Friday, August 1, 2014

Jobs: onward and upward

For over 4 years, the U.S. economy has been creating new private sector jobs at the rate of just over 2% per year, and there is no sign yet of any change to that trend. It's been fairly solid and steady growth, with a few minor blips here and there. It's nothing to get excited about, but it's very reassuring that conditions in the economy continue to improve. This is not an economy that is precarious or tenuous. It's not at risk of sinking or imploding, and it's not by any stretch a bubble. It's very likely to continue growing at the current pace even after the Fed starts raising interest rates early next year.

The U.S. economy could be doing a whole lot better, of course. But it is fighting significant headwinds in the form of high marginal tax rates, a punitively high corporate tax rate, heavy regulatory burdens, an anti-business climate in Washington, and geopolitical instability. Monetary policy has served mainly to supply safe, risk-free assets to a world that is still fighting the last war (the Great Recession and the near-death experience of a coming very close to a global financial collapse). The need for accommodative monetary policy is disappearing, however, as confidence slowly returns.

The private sector has created over 9 million new jobs since the end of 2009. Jobs are now clearly into new high ground. The recovery has been slow, but it's still in the early stages. There are few if any capacity constraints to further growth. Lots of room on the upside.

The rate of private sector jobs creation has been about 200K per month since early 2010, or just over 2% per year. July private sector jobs rose by 198K, dead-square on their 4-year average.

Total jobs growth is likely to be a bit better than private sector jobs growth going forward, since the public sector is once again in an expansion phase after four years of shrinkage. But this is not necessarily a good thing. The public sector has been a burden for the private sector, since public sector workers are much less productive than their private sector counterparts. Overall, it's steady as she goes.


Hans said...

So says Bill Bonner:

As we’ve been pointing out, there are 3.7 million fewer full-time jobs now than there were before the stimulus began. Household incomes for 99% of the population are lower than they were in 2007. And the real rate of growth over the last seven years has been just 0.9% per year.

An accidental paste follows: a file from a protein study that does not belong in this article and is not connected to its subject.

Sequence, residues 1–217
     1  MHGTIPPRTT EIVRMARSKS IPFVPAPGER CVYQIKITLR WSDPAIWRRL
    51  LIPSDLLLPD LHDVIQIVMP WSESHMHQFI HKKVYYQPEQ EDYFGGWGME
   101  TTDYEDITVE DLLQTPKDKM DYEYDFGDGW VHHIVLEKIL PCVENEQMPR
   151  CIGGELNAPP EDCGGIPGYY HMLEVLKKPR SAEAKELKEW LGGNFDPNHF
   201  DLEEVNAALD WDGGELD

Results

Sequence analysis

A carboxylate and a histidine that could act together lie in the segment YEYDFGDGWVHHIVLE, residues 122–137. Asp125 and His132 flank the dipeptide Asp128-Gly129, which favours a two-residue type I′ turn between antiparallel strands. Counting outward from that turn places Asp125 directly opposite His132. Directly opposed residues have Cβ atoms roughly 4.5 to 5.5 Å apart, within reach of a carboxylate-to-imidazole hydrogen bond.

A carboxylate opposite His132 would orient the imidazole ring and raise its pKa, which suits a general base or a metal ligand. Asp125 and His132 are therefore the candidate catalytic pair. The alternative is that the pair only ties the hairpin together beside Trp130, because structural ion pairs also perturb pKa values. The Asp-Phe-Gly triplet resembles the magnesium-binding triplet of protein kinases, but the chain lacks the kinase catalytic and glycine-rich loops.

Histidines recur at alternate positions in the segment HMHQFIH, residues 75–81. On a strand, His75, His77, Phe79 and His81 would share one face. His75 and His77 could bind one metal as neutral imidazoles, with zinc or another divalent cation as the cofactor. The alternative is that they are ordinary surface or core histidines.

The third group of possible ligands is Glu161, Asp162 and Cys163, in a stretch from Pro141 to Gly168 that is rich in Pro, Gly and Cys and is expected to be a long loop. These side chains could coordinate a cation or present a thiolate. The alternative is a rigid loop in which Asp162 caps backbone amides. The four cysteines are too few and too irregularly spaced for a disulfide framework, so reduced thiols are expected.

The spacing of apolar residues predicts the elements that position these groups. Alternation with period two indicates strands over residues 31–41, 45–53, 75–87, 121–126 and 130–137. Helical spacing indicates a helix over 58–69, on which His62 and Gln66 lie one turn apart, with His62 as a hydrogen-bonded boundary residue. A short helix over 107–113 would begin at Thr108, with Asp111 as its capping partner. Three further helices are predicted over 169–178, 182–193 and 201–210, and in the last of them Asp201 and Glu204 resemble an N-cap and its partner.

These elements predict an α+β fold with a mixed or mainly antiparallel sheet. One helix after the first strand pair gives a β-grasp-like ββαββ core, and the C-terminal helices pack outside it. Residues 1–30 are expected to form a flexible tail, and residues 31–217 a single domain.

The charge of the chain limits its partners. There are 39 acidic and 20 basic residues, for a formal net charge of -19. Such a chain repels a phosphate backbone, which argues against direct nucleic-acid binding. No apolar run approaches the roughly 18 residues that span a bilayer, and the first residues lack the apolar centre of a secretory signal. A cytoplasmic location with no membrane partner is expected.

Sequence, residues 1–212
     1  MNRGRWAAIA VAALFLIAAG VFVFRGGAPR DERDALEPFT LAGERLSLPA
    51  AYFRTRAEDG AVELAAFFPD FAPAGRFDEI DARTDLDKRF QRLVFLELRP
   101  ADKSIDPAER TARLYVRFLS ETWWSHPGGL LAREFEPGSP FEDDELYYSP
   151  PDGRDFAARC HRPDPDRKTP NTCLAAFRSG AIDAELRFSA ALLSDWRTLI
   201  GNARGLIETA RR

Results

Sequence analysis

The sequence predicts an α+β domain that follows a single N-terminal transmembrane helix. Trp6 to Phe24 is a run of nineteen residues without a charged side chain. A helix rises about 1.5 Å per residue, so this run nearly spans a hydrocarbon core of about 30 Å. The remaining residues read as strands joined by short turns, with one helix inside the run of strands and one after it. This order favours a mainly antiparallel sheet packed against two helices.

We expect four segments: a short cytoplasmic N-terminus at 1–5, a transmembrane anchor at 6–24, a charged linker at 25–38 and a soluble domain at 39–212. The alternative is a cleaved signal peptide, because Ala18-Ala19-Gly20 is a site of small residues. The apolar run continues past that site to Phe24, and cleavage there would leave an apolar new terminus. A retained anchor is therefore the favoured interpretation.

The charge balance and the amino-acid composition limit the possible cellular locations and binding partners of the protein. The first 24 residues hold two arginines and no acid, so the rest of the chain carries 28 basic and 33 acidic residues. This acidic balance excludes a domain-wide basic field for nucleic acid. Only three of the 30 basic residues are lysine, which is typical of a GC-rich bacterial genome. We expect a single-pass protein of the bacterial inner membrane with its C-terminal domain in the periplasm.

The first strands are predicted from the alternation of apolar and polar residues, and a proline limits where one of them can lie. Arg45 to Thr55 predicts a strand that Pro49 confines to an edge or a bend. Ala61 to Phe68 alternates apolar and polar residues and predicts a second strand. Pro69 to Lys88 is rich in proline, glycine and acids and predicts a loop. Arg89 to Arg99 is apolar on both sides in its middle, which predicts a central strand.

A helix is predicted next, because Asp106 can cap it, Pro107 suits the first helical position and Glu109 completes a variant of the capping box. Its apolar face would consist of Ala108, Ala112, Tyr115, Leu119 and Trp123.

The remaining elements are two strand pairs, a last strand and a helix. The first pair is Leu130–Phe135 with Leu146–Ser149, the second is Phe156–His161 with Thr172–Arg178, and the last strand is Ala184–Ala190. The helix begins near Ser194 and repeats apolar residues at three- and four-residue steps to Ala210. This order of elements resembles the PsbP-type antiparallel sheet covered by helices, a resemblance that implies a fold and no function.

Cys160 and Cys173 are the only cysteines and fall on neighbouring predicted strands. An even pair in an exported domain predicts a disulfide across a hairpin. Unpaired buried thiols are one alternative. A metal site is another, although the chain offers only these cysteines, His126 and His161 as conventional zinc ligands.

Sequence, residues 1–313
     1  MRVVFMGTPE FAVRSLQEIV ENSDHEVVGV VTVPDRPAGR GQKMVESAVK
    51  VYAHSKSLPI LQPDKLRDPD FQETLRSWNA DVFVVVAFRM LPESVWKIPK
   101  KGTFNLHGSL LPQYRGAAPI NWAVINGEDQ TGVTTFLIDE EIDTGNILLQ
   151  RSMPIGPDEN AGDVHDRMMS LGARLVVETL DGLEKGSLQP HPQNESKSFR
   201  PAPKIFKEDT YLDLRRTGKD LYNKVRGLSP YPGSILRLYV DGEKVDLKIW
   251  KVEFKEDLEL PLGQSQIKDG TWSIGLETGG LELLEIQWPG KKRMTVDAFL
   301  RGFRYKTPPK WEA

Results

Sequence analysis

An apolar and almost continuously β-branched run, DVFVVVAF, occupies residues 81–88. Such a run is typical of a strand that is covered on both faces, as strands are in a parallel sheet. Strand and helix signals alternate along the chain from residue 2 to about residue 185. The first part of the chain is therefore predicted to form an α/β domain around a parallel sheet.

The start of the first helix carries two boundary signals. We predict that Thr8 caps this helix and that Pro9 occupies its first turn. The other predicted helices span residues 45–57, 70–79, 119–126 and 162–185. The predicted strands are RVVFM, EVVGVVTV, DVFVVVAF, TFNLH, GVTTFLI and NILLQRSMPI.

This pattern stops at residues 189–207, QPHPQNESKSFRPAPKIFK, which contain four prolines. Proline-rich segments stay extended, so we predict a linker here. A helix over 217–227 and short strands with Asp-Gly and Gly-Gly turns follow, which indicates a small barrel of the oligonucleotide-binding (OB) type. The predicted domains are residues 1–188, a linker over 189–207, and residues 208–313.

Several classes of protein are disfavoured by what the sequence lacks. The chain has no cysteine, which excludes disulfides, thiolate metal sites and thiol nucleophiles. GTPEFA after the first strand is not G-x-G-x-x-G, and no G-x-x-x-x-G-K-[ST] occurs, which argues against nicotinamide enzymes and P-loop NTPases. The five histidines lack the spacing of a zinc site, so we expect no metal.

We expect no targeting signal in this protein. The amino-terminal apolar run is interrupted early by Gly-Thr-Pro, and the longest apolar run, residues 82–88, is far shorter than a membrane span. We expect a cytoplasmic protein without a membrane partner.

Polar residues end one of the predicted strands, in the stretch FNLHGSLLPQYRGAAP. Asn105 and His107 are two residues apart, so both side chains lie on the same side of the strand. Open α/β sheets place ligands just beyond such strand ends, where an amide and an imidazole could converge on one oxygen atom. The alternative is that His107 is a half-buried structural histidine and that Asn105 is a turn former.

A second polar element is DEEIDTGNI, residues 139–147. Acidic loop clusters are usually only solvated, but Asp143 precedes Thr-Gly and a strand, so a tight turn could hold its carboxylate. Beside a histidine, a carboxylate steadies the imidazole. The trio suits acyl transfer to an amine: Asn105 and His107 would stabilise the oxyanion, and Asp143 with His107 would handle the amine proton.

Factor in even a slight underestimation of inflation and real (inflation-adjusted) economic growth in the US has been negative. Adjust for population growth, too, and the “growth” disappears entirely.

Real hourly wages have not risen a penny. Business investment is still 20% below 2007. And 77 million people have overdue bills in collection. This was bought, we remind you, by the biggest gush of cheap liquidity since The Flood. All that cheap money has washed over the economy… seeped into every transaction… and warped and rotted every price signal.

But hey… GDP is growing at a 4% annual rate! (Subject to later revision, of course!) Janet, you go girl!

Scott Grannis said...

And it's been the weakest recovery ever despite the most massive and costly fiscal stimulus package ever devised.

Moral of the recovery: fiscal "stimulus" doesn't work (and probably hurts), and monetary "stimulus" is very limited in its ability to boost real growth.

Joseph Constable said...

The jobs situation report showed 141,000 jobs lost in the 25-54 age group, the most important age group. Something is wrong here.

William McKibbin said...

I just read over Scott's comments, and my only addition would be that the cost of the stimulus efforts since 2008 is only part of the problem -- the bigger problem is the year on year deficit spending -- what is needed to respond to both is that we the people remove deficit spending authority from Congress and the President except under very specific conditions of duress (e.g., declared war, declared depression, etc.) -- thus, we need future administrations from both parties to be more fiscally conservative with spending, which I define as balancing the budget each year (after year after year) -- until that happens, the US dollar and thus the USA itself will remain on a path to self-destruction -- it's my view nether party can fix this without constitutional constraints -- in the mean time, I believe the situation in the USA is dire, if not hopeless -- the impasses in Congress mean that we the people can have no real hope for fiscal change by any president or Congress, regardless of party affiliation -- but again, the recent stimulus events have only exasperated an already failing fiscal and monetary policy regime -- a balanced budget amendment to the constitution is likely our only hope to save the USA from itself.

William McKibbin said...

PS: I doubt the USA can reform its deficit spending habits -- thus, the replacement of the USA with a new country or perhaps several countries becomes attractive -- in the mean time, any "recovery" that is not accompanied by balanced budgets is simply a false recovery premised on deficit spending (i.e., "stimulus") -- again, I suspect the US deficit spending problem is too hopeless to fix without a new government or governments...